The Who – Live At Leeds (Deluxe Edition)

Live At Leeds (Deluxe Edition) (1970)


1. Heaven And Hell 2. I Can’t Explain 3. Fortune Teller 4. Tattoo 5. Young Man Blues 6. Substitute 7. Happy Jack 8. I’m A Boy 9. A Quick One, While He’s Away 10. Summertime Blues 11. Shakin’ All Over 12. My Generation 13. Magic Bus 14. Overture 15. It’s A Boy 16. 1921 17. Amazing Journey 18. Sparks 19. Eyesight To The Blind (The Hawker) 20. Christmas 21. The Acid Queen 22. Pinball Wizard 23. Do You Think It’s Alright? 24. Fiddle About 25. Tommy Can You Hear Me? 26. There’s A Doctor 27. Go To The Mirror 28. Smash The Mirror 29. Miracle Cure 30. Sally Simpson 31. I’m Free 32. Tommy’s Holiday Camp 33. We’re Not Gonna Take It


A whole lot of what the classic rock establishment (Rolling Stone, Q104.3, your dad) teaches you about its glorious past is bullshit. Eric Clapton is God. Jim Morrison was a “poet” and not drunken clown. But one legend with some truth behind it is the Who’s reputation for having put on an otherworldly live show in their heyday. You know, that Live At Leeds is “the greatest live album ever recorded” or some such hyperbole. Well, live rock albums in the history that even rise above bare mediocrity are rarer than gay men attending Bob Jones University, so its not like it has a whole lot of competition. But hell if I can contradict its well-earned rep. Leeds is the Who at the absolute height of their performance powers; it roars through the speakers like a fuckin’ mach 4 jet engine with rocket boosters and Dale Earnhardt in the cockpit. Pete’s guitar tone alone is enough to warrant an A+… that ridiculously meaty SG crunch is, like, what the electric guitar is supposed to sound like. Add that to Keith and John displaying their usual wizardry and Roger belting the fuck out of everything like his life depended on it and it’s just… damn. Rock music almost never gets this heavy and this melodic at the same time.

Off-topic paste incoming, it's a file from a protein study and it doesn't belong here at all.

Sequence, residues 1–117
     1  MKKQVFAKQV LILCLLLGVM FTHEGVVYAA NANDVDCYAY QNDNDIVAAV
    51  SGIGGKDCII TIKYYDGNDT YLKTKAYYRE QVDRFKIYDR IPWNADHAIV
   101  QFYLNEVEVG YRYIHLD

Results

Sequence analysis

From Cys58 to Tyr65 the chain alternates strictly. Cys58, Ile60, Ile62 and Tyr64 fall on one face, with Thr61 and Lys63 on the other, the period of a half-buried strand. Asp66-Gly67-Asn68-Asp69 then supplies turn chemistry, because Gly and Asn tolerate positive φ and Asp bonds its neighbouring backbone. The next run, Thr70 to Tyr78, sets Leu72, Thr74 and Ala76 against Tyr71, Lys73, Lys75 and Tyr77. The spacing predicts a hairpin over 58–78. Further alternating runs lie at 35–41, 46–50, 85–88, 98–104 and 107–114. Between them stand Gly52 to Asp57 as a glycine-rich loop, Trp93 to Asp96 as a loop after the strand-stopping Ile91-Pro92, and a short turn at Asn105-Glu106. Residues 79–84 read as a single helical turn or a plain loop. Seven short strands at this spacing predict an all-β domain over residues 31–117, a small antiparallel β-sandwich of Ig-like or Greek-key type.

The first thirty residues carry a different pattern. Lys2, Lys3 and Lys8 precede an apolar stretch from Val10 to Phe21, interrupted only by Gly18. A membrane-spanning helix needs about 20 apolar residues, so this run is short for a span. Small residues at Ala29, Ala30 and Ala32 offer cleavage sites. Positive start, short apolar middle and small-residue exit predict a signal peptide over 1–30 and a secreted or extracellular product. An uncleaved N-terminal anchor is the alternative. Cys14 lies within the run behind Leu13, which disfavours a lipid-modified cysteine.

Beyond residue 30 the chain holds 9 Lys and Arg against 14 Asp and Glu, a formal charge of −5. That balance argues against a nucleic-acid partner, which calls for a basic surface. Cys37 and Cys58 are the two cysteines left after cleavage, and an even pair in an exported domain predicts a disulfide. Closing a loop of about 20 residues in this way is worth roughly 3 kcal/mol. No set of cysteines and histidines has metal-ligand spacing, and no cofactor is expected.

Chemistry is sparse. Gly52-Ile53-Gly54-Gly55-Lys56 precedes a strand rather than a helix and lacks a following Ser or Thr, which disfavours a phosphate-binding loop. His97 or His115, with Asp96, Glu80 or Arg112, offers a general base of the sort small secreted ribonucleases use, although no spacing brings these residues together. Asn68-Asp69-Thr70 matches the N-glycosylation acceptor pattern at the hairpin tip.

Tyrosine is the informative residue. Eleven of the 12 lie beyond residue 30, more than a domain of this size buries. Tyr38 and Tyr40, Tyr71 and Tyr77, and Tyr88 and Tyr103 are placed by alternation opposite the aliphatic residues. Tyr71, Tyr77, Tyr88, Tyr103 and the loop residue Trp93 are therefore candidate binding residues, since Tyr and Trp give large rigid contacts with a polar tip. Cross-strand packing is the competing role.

I could just end the review right there. I’ve told you what you need to know and I’m just not that motivated to write a review today. I just got back from a ten-day trip to Paris. I was disappointed with the French people I encountered there, who failed to live up to their reputation by not displaying snooty attitudes toward stupid Americans like me and proving themselves quite adept at speaking English. In fact, everyone there seemed to be pretty into America. I saw this guy wearing  a shirt that said “Missouri: Nothing Tips Like A Cow.” And he was French! What kind of self-respecting French person romanticizes cow tipping in Missouri? It’s bizarre. Is this Obama’s doing? Has he made us popular abroad again? Or was it Sarkozy? In any case, the French still make excellent wine and croissants, both of which I now miss very much. Add that to the fact that I have secured a minimum wage writing job that I found on Craigslist and the management of my kickass fantasy baseball team, and I’ve got other things I wish I was doing more than writing about the Whom.